• Embed each methodology with analytics. It is not enough to report. Improving performance involves answering three questions: What? So what? Then what? Reporting only answers the first question.
  • Emphasize predictive analytics. As change accelerates and management better understands the impact of future uncertainty about performance levels, executives are altering their managerial style. They are shifting from control to anticipatory planning, in other words from after-the-fact reacting to proactive adjustments and actions.
  • Embrace the full business cycle. Performance management should also include knowing the value and preferences of customers. Typically, in the traditional scope of performance management, sales and marketing are excluded.

Once the scope and full vision of enterprise performance management is better understood, my belief is its adoption rate will accelerate.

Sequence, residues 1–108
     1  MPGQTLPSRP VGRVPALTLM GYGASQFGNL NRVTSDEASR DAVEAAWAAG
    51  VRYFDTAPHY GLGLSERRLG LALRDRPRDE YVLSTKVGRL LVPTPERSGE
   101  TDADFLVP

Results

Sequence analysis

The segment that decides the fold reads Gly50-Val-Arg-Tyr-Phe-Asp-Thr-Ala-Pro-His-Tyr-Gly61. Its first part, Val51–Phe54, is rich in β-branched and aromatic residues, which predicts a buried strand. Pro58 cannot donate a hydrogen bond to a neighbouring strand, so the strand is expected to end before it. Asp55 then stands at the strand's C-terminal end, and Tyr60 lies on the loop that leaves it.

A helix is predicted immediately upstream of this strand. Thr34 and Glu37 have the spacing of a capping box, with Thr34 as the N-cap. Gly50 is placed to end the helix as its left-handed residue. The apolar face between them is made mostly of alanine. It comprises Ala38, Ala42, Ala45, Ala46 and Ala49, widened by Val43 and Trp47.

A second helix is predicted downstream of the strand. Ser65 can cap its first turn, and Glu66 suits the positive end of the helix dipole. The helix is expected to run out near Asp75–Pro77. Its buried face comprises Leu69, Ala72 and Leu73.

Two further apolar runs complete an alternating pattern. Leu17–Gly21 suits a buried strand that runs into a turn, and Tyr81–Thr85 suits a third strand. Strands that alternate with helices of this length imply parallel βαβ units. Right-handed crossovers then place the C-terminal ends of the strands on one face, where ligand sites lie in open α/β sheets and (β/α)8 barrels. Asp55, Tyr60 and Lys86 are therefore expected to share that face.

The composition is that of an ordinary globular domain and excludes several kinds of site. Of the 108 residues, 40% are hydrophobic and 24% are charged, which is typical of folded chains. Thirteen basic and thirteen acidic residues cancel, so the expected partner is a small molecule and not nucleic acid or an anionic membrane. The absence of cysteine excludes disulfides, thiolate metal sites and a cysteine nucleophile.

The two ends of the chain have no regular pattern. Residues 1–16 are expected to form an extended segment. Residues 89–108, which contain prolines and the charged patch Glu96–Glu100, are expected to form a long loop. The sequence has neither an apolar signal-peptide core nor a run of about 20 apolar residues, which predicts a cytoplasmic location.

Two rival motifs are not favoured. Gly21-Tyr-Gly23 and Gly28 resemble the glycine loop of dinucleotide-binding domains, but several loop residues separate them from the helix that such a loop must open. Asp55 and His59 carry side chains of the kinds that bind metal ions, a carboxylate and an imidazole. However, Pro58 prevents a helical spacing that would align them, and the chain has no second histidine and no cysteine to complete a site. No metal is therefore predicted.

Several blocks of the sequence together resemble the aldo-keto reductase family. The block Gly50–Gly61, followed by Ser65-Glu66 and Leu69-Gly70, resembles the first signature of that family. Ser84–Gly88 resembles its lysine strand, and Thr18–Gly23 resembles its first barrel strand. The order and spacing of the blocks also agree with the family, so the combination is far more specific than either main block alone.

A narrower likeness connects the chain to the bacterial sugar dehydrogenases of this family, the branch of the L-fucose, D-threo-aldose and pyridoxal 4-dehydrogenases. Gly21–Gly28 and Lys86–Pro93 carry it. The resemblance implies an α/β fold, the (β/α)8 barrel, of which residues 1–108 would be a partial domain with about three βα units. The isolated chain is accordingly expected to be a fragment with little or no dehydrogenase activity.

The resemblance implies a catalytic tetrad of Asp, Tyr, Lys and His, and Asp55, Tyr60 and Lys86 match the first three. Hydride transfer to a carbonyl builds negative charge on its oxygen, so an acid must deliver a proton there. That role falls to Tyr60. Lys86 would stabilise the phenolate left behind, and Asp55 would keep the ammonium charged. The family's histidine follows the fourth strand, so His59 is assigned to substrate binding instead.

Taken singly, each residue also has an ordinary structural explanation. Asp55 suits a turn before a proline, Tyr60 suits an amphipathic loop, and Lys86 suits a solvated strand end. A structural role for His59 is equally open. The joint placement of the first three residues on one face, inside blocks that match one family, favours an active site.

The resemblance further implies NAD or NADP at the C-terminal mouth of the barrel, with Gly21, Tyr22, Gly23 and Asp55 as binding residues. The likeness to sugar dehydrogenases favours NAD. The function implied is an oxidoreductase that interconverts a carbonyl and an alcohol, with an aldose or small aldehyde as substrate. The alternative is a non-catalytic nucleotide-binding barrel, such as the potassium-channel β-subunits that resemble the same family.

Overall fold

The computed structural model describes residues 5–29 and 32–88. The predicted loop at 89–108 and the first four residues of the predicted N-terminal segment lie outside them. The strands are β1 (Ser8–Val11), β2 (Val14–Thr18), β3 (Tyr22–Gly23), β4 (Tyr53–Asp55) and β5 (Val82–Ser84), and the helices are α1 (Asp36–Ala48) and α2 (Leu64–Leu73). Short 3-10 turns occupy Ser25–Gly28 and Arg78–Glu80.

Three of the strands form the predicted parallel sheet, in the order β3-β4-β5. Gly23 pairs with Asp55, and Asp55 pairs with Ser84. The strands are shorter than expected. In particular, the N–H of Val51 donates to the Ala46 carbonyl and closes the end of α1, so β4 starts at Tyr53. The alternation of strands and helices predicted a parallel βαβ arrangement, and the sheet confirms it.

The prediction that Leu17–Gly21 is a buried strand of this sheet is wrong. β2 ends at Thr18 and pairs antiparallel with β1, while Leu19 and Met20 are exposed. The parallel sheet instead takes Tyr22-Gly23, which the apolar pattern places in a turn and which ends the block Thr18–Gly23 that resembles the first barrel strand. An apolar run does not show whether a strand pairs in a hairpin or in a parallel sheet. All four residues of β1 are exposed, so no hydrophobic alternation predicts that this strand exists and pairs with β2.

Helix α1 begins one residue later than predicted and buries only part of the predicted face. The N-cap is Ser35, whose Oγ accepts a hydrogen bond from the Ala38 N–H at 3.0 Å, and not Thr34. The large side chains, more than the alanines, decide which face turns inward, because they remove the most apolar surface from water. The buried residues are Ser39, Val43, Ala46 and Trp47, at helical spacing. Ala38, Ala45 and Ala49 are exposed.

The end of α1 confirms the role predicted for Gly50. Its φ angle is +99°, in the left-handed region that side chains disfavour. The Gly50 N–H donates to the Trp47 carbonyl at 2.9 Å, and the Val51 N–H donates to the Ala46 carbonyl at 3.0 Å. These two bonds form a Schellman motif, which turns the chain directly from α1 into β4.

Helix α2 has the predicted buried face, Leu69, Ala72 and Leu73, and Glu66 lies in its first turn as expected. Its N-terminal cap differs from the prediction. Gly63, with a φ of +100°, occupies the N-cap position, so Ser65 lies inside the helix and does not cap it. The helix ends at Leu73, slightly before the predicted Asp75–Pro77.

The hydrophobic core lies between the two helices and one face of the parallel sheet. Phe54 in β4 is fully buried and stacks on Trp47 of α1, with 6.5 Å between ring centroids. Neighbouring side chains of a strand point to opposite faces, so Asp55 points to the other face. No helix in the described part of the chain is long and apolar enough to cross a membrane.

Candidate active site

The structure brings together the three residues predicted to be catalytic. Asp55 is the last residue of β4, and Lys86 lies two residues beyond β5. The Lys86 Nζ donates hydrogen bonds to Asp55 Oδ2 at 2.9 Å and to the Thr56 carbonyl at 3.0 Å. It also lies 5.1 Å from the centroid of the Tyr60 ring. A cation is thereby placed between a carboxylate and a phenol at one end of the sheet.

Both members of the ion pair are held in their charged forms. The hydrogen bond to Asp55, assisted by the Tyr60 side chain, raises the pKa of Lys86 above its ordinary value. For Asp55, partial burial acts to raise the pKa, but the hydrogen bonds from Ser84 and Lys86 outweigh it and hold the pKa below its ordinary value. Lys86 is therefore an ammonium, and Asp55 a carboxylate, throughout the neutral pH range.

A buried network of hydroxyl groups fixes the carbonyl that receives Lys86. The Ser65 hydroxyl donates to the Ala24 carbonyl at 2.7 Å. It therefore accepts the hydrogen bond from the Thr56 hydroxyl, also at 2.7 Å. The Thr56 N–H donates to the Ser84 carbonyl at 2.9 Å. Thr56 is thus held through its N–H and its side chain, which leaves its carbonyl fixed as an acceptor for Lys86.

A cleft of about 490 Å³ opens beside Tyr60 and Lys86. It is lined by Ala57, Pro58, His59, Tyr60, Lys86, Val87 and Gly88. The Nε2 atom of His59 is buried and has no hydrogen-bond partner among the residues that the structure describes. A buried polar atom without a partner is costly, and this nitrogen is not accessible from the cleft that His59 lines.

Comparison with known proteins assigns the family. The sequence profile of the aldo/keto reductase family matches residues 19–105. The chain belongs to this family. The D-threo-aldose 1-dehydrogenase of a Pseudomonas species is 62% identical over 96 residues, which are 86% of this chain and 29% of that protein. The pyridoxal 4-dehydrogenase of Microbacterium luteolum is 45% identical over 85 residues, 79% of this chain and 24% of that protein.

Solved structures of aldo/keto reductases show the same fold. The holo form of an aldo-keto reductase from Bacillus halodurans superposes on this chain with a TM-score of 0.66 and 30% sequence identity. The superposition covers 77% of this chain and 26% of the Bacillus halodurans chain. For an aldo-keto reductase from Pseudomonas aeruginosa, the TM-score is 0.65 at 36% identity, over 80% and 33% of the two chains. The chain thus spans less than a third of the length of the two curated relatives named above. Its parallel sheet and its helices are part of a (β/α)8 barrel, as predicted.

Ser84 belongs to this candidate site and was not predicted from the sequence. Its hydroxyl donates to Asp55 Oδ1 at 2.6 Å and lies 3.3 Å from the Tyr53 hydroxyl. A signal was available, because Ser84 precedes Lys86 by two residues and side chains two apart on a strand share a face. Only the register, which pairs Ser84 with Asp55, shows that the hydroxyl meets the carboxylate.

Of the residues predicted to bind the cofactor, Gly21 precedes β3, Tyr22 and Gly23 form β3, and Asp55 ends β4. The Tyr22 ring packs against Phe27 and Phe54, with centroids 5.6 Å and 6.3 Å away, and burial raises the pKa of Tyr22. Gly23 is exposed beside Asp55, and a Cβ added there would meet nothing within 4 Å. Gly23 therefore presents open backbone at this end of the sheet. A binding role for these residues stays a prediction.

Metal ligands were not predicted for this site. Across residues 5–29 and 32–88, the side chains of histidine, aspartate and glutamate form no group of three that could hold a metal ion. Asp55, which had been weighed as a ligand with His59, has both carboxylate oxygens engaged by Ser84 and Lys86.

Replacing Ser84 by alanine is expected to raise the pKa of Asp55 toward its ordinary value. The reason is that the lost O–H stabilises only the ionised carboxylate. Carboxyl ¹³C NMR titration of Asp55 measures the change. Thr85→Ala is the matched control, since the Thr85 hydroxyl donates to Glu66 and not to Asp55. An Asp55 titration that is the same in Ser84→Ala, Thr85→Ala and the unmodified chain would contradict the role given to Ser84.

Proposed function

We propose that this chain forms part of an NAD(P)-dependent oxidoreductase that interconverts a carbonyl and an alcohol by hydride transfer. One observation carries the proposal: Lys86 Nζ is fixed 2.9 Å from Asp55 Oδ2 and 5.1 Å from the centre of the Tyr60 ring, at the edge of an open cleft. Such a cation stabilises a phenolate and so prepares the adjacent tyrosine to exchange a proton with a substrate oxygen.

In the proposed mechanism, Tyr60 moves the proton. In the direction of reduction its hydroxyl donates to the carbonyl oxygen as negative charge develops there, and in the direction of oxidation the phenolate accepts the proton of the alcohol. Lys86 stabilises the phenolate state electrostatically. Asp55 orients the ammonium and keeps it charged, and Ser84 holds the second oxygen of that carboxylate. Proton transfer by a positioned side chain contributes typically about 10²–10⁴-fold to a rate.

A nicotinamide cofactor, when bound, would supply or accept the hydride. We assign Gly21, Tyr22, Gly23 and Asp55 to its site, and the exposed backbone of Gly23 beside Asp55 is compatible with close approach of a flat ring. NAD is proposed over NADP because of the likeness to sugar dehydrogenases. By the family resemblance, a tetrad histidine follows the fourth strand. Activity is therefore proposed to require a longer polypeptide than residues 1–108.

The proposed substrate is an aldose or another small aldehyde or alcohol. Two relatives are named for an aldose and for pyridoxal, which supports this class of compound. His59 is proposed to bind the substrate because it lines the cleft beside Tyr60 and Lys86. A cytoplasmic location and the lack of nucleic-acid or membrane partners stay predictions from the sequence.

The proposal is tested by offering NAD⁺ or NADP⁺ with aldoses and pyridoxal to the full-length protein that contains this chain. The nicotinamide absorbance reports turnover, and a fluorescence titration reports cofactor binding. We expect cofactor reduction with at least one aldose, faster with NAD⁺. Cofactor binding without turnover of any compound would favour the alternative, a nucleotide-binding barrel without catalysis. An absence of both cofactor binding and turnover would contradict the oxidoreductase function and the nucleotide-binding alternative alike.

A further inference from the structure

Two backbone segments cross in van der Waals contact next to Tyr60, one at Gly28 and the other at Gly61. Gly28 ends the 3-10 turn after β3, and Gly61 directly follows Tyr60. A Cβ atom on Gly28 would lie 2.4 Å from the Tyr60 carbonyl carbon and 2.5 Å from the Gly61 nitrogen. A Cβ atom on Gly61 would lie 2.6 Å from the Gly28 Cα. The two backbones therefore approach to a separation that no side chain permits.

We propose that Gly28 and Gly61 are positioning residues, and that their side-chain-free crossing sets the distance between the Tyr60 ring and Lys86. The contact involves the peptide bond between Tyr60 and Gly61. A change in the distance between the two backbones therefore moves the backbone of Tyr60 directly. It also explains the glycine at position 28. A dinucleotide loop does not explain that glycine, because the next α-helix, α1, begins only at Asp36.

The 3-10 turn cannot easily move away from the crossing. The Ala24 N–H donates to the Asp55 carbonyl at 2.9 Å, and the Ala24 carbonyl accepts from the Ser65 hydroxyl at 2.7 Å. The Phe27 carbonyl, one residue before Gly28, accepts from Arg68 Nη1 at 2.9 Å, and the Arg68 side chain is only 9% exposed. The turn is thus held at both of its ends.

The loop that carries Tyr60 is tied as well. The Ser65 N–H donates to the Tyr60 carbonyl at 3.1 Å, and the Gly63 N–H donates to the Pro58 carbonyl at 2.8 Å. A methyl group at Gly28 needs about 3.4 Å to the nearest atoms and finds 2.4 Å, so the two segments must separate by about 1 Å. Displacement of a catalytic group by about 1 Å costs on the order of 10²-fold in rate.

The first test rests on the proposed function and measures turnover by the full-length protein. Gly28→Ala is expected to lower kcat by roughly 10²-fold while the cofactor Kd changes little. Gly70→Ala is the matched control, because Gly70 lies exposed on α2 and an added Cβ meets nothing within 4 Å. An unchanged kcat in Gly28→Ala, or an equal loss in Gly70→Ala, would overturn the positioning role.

What is the Correct Scope for Performance Management?

 

Kaplan and Norton’s closed-loop diagram reflects the plan-do-check-act (PDCA) repetitive cycle embraced in the 1980s by the quality management community. It is at the highest level and will be useful in the future. My belief is that the more useful scopes focus on the continuous and dynamic flow that starts with customers, formulates strategy and then executes the strategy with measures, customer targeting, risk management, streamlined order fulfillment processes (i.e., smarter, better, faster and cheaper) and innovation.

 

When performance management is referred to as seamless integration, it occurs at this rubber-meets-the-road level of decision-making that’s related to which types of customers to retain grow, to newly acquire, as well as the correct type and level of resources used to accomplish mission-critical tasks. At this level, it is an optimization game.